Supposedly, dogs don’t look at the faces of other dogs but are studious of human faces because they understand that’s how humans communicate their intentions. This makes me think that to treat allegory as interchangeable with meaning in a portrait is to mistake something about what a face is. A face is a sign and also a surface. A face may say less about the appearance of the mind, as Charles Baudelaire (1821-67) suggested, than it does about the in-the-world-ness of appearances…

… Say how Alberto Giacometti (1901-66) fused two or more flat views in his sculptures and proved on some level – by confounding and contriving profile – what is needed to make a face. These heads are helpful as I’m trying to understand what type of appearance faces negotiate. With a portrait you have to imagine – which feels like seeing – the back of the head. Every part of Les Praticiennes bolsters the fiction of my real desire to see: the artist and her subjects, who are not the people in the pictures; and the portraits, sculpture and wallpaper, silkscreened and fading as it nears the ceiling as if saying something about light and time.

Giacometti conceals profile in the round. Fortnum brings faces about through similar gestures of pressing, prying, pinching and the idea of composition as a provisional state, but backwards. She searches, collates, zooms and so on to approximate first-hand seeing and at the pixel limit, invents. What is allowed to come through in her facture is historical proprioception or a sense of where she is in time. The little porcelain hand, derived from 3D modelling, is a cipher. Painting and drawing become kinds of impossible touching. The effect is very tender without being familiar at all.

I want to write ‘who is Fortnum painting’ to use reading’s reflexivity to link these artists – Fortnum and her group of fifteen – with the faces in the portraits in the way that the poet and essayist Joan Retallack (b. 1941) describes using ‘I’ to index the transformation of medium and subject matter (which may include herself) through the activity of working. Disarticulating the subject feels appropriate because Fortnum employs identity to trace material collisions. She doesn’t want to be right. A student looking at a self-portrait once asked Fortnum whether Rembrandt (1606-69) was a nice person. The first and best mistake is to compare the creation with what is made by God.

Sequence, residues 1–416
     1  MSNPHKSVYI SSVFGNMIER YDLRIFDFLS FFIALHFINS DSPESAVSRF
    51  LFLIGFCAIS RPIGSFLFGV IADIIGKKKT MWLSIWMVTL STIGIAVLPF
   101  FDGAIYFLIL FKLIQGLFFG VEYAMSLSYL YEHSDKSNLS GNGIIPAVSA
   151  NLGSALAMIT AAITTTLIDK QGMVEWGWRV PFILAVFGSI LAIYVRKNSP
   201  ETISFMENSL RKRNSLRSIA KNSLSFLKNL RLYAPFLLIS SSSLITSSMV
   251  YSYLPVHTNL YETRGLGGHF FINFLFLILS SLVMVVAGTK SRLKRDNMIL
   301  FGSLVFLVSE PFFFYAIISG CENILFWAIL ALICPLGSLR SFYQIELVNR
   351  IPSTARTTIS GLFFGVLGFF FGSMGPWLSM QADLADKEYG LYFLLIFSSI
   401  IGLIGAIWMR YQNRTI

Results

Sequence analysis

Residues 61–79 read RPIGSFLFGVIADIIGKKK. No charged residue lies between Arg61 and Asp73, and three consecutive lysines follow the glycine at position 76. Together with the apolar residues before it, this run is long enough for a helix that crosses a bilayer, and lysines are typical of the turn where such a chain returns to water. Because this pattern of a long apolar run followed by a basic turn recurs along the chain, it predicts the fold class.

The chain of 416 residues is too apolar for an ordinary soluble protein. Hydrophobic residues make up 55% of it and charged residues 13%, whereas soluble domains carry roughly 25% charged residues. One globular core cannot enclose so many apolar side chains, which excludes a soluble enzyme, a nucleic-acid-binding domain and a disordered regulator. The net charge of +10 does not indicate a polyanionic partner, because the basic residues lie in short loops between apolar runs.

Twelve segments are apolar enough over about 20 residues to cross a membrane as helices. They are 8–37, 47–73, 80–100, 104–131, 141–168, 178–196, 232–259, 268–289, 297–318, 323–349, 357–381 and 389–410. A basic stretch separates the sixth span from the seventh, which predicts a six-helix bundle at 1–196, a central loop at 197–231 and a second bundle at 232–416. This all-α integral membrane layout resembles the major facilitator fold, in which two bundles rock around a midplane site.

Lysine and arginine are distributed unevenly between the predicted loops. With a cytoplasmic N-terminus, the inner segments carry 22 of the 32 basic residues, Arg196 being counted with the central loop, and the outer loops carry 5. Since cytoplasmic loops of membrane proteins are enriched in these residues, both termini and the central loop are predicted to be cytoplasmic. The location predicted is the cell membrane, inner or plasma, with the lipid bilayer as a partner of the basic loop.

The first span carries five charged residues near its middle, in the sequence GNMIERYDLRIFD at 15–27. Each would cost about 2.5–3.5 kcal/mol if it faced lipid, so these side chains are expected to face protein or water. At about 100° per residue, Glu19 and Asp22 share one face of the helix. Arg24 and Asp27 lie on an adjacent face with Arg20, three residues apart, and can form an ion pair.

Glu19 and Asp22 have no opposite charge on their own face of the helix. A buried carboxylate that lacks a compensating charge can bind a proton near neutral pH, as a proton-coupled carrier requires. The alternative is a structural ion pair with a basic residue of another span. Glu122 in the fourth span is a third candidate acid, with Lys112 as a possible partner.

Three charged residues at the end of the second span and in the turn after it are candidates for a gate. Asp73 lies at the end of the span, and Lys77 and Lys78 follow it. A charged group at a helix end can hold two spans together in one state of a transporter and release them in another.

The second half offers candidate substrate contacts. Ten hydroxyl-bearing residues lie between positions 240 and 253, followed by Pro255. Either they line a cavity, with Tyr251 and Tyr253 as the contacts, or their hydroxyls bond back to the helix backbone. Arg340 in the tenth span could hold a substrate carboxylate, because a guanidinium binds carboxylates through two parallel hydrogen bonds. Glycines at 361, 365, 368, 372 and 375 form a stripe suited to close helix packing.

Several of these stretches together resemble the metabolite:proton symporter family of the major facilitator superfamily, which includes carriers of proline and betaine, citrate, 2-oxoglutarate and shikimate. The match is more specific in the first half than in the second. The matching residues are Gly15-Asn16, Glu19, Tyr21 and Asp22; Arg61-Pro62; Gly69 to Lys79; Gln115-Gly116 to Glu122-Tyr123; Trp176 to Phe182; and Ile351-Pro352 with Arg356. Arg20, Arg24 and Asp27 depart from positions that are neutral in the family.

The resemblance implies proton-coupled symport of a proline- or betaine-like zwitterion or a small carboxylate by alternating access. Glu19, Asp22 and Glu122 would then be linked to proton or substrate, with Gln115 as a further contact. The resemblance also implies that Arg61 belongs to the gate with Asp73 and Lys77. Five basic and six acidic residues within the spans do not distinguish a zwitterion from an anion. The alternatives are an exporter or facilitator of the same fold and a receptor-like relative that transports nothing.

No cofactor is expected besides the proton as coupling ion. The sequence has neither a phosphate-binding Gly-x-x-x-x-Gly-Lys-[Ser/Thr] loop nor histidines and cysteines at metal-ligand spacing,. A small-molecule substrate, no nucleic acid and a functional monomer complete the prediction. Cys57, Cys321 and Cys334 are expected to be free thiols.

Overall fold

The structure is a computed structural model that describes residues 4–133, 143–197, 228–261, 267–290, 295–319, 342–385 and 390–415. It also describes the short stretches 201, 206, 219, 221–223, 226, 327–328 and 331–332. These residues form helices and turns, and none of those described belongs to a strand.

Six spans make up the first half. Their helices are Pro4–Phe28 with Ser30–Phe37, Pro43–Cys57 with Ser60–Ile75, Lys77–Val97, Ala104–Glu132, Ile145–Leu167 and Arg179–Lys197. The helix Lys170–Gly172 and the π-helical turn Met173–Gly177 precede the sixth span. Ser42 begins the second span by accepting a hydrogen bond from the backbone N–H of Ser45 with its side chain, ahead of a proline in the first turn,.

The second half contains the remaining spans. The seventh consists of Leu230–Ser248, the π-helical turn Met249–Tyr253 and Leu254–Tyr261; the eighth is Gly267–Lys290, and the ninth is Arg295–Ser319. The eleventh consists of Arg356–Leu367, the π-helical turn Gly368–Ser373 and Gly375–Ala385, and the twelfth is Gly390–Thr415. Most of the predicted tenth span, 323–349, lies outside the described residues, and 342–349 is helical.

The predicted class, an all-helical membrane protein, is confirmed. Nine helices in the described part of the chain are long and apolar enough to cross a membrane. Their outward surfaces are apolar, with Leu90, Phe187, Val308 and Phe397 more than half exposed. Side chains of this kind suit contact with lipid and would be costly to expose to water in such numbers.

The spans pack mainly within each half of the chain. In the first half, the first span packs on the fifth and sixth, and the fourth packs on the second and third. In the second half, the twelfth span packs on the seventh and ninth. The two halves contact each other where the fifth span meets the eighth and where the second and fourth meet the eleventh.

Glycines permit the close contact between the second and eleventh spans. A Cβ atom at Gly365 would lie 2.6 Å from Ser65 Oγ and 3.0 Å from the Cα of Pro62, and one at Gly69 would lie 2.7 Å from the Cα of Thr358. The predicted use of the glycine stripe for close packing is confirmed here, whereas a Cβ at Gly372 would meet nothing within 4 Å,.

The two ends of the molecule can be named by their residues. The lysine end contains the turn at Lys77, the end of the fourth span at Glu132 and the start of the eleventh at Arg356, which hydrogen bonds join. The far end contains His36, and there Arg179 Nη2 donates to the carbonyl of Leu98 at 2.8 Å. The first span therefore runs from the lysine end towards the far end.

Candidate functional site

Painted portrait of a white woman with auburn hair and eyebrows, with her eyes cast down and her hair tied up in a bun on top of her head. She is wearing a blue shirt, decorated with a red flower attached to the collar.
Black and white pencil drawing of the head of middle-aged man.

How much of this is a Pygmalion story? All these layers of time, attention and matter are condensed here. Maybe it’s not so eucharistic. I’m thinking of the large, painterly blots on the (probably erotic) sections of MacLaren Wallace’s letters. Fortnum is working with occlusions that can’t be transubstantiated. She chose these artists for their extraordinary and sometimes catastrophic lives as well as for the patchy afterlives of their work in words and images. And here the subject, I, a woman working, is intending something about time’s treachery and incarnation as a resource –

The artist Luc Tuymans (b. 1958) once said that he was ‘uninterested in renderings of people where the meaning comes from “the inside out”’, but when does that ever happen? Possibly the worst thing you could say about a Tuymans painting is that it is real. Or beautiful, confusing the surface of the artwork with that of the face. But manner or way of looking in Fortnum’s work encompasses such apophatic blind spots. The face as a composition or sequence of gestures is the face that converts source into sign open-endedly. These pictures that are sensate truths are speculative appearances. They are about portraiture in the way that Tuymans’s work is about painting but the face remains an extended thing.

Am I looking for sly facticity or to gain access to a feeling? One drawing that stands out is from a work by Bessie Potter Vonnoh (1872-1955), who met Rodin only once and was allegedly disappointed. Fortnum drew from images of Vonnoh’s maquette of Sarah Bernhardt which is missing a face. The head without one is like a door or mirror in that I see my own desire to look or move. Vonnoh was known for her small bronzes but Fortnum’s drawing is larger than life, sort of like Rodin’s Monument to Balzac 1898 except that Bernhardt seems nonplussed. Expression without appearance. This is one of those moments where I am thinking about reality meaning what is possible. Something else Fortnum told me from Maclaren Wallace’s diaries is that she wanted to be happy but she also wanted to be a good artist.

Amelia Stein is a writer, editor and teacher living in London. She is a Contributing Editor at Real Review and teaches at Glasgow School of Art.